Thanks Terry! I appreciate your thoughts. I’ve felt this way for a long time. We have always passed the offering plate after a meditation on the offering. Great time to teach and focus as a part of our worship! Thanks again!

  2. Robert Smith

    Brother Terry Allcorn,
    I appreciate your note on the marginalization of the offering as a form of worship in our corporate services on Sundays. The COVID response of reducing touch has led to hermetically sealed individual Communion and a press for touch-free offering boxes in the lobby and on-line giving. The passing of Communion service and offering plates are envisioned by some corporate worship planners as a thing of the past. With multiple services held by some congregations, there is a press to get all the items completed in an hour or even less. Where I serve as an elder we have compromised by weekly alternating Communion and offering meditations and those are expected to be short.

    I know that some people in the U.S. are embarrassed by the collection of offerings. Some of that originates in our U.S. individualism. When we see giving like Communion as a corporate act of worship we are blessed.

    Some years ago I was able to visit with Christian brothers and sisters in Ghana together with Enoch Nyador of Ghana Christian Mission. Among those Christians I saw far greater joy in giving from their relative poverty and enthusiastic worship of God in this activity than I have witnessed in U.S. congregations. At one service four different offerings were collected. The collection receptacle was placed in an open area at the front of the meeting hall and those with gifts came up in groups starting with the elders and ending with the youth and they sang and danced in a line as they came up to share from the blessings that God had entrusted to them. They collected offerings for congregational operations, for support of missionaries, for a wedding gift for a former member who had moved away, and for the youth so that they could have a thank-you party with Cokes and biscuits for having cleared trash and vegetation from around the building exterior.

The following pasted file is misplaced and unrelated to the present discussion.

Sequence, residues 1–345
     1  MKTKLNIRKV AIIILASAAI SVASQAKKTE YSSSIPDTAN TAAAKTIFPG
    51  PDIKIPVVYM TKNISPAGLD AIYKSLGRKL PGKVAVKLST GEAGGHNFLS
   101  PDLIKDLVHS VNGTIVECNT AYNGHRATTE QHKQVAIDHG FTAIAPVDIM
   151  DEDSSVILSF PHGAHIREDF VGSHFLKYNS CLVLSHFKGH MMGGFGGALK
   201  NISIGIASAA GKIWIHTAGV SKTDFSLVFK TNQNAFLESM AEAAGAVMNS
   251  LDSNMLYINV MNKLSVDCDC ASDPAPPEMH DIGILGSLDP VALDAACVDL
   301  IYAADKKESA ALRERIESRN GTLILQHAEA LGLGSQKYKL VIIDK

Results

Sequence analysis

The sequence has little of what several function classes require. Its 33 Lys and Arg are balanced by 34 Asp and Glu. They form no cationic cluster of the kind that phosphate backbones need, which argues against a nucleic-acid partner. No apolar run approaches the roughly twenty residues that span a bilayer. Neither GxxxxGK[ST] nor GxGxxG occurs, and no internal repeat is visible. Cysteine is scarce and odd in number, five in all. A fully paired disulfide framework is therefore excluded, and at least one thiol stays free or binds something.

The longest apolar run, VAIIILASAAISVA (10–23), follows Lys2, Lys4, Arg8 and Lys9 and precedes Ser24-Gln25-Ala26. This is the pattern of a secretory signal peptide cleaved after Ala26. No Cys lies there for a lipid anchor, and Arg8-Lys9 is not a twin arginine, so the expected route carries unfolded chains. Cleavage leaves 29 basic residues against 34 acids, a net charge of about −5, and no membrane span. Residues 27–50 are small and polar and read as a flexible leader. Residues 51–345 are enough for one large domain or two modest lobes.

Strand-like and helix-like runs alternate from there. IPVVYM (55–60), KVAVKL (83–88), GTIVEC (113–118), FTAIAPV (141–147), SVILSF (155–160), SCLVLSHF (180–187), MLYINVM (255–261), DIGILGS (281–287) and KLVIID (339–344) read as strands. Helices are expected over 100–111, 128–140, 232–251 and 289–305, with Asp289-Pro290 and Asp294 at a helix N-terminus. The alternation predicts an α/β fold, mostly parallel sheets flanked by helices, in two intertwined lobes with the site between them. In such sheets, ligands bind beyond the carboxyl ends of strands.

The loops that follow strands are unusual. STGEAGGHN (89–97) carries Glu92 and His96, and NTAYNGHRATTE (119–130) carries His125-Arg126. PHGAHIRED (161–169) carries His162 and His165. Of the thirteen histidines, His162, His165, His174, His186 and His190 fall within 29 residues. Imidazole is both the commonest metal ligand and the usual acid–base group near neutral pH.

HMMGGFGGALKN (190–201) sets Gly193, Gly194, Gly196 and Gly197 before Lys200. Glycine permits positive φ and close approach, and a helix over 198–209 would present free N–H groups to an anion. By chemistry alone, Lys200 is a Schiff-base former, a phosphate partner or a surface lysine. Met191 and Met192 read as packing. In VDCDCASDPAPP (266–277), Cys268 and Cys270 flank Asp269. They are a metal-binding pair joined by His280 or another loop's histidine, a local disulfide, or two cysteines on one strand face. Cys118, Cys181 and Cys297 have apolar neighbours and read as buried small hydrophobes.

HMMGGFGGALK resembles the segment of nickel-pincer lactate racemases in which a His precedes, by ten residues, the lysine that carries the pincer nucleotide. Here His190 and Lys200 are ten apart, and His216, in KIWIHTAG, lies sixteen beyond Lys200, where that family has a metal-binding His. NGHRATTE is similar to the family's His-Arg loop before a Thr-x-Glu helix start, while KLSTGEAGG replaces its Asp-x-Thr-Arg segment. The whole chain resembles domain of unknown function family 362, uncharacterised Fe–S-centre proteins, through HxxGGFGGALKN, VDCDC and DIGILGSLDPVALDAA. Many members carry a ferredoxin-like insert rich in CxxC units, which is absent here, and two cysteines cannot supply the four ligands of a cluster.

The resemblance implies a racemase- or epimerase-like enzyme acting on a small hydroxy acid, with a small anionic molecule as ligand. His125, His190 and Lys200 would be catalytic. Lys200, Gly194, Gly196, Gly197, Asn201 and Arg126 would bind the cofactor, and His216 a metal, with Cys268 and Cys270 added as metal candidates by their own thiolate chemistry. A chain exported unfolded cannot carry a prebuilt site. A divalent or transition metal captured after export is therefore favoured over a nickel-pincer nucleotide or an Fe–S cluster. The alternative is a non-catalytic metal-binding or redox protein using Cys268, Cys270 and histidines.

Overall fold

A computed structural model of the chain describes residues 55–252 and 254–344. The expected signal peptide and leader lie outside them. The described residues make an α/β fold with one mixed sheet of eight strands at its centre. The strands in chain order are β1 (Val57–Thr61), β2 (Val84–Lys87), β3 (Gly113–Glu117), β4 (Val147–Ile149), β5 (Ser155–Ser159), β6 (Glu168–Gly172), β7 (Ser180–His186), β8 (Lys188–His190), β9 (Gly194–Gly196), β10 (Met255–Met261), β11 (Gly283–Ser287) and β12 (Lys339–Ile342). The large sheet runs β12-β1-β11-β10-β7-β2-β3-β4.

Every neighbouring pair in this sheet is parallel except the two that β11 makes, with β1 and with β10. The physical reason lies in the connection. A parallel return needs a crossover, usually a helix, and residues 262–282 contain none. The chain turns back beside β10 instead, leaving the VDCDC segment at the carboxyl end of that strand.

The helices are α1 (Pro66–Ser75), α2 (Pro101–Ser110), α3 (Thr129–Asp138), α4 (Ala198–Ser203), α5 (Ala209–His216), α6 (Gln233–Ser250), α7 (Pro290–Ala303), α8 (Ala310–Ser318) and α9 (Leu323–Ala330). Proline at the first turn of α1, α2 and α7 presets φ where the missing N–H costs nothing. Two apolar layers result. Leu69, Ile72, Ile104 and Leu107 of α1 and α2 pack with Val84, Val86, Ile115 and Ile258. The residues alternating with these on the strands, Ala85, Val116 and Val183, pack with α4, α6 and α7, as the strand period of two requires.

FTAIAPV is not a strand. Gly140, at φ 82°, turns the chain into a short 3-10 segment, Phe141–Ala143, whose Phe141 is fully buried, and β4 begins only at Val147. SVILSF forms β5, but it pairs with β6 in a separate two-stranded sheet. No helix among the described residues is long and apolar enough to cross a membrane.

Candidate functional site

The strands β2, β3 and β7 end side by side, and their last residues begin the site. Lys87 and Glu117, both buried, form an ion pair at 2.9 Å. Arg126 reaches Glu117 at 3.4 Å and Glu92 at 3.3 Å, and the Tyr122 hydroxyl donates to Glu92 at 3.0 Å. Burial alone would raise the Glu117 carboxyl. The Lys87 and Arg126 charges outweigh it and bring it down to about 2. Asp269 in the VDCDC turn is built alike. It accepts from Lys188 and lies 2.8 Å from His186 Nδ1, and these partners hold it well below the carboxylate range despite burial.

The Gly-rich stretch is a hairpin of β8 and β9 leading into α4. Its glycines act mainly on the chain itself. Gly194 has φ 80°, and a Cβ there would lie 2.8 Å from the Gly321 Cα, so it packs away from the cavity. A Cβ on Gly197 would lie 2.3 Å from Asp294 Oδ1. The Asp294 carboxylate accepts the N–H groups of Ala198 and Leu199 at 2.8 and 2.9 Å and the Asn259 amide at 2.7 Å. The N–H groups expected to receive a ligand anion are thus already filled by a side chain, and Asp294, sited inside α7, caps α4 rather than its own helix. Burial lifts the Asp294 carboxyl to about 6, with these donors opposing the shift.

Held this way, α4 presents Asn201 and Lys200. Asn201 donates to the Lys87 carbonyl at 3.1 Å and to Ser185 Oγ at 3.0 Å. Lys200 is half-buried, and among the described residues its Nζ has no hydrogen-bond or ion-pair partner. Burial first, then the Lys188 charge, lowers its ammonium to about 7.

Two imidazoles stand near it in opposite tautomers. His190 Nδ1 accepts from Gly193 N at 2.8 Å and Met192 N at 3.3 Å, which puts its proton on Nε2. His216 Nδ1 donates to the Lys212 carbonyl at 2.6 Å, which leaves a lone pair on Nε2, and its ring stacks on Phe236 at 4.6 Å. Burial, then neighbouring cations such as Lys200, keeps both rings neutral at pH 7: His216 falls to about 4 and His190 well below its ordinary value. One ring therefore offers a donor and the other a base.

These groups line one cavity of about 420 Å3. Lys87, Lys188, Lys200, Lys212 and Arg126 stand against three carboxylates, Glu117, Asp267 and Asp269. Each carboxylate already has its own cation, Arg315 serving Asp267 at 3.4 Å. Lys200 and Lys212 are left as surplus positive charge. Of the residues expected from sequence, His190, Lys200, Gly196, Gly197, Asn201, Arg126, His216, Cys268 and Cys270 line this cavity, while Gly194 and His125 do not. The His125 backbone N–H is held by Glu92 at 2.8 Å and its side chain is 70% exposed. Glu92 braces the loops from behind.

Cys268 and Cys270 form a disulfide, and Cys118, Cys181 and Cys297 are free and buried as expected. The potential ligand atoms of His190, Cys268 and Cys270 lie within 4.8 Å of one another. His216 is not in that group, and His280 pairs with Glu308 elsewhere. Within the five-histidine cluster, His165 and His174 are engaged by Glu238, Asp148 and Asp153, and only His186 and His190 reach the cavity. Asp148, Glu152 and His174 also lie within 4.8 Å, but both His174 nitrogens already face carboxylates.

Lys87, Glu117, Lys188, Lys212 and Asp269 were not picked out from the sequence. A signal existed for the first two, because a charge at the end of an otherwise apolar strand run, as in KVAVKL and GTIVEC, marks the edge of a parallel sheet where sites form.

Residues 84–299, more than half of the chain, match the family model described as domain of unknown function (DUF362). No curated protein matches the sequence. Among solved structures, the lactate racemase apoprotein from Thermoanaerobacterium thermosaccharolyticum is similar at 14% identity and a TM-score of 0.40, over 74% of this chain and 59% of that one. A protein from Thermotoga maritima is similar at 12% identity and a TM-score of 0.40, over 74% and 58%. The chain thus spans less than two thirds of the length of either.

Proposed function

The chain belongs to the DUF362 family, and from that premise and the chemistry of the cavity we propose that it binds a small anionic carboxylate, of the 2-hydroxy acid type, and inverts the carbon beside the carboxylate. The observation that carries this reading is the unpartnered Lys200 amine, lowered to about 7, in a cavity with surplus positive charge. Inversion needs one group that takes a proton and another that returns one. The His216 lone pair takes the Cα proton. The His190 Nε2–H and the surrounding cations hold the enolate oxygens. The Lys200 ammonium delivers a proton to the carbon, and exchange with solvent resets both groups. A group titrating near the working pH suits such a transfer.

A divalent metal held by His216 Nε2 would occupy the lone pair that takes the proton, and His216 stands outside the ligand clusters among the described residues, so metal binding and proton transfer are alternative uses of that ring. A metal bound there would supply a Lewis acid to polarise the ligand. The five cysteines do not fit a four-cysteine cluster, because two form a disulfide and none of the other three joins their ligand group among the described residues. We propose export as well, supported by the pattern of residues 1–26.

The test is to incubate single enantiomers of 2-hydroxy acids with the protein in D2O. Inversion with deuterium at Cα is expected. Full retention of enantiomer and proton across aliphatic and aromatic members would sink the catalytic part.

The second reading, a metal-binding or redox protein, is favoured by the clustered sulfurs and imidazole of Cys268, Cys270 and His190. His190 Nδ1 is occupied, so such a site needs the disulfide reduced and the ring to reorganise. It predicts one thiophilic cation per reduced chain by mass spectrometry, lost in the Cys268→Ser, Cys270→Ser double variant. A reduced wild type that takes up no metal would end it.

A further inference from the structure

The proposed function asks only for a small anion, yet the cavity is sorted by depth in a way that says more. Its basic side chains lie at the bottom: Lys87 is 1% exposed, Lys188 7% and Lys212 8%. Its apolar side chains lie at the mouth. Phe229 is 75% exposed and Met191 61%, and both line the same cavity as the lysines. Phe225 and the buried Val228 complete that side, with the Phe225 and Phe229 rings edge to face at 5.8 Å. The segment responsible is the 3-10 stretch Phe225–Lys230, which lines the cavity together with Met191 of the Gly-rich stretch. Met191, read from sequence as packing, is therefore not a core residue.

We have a great deal of freedom in how we worship God. Perhaps your article will nudge those in U.S. congregations to consider giving more time and emphasis in our corporate gatherings to giving offerings. May we honor God in our giving of time, talents and treasure.

    Worshipping God with you,
    Bob Smith

  3. Mark Miller

    I agree wholeheartedly with your article. I was visiting a church last week that talked about giving in the sermon. It was well done. They announced at the conclusion of the message that the weekly offering would go toward a church planting effort, which I decided to give to. However, I was not able to give at the moment as it was all online. Great teaching and challenge, yet the opportunity to act was limited.

    I also see a lot of churches minimizing Communion as well…. You can pick it up on your way out after the service. It’s barely mentioned in the service. Sad to see!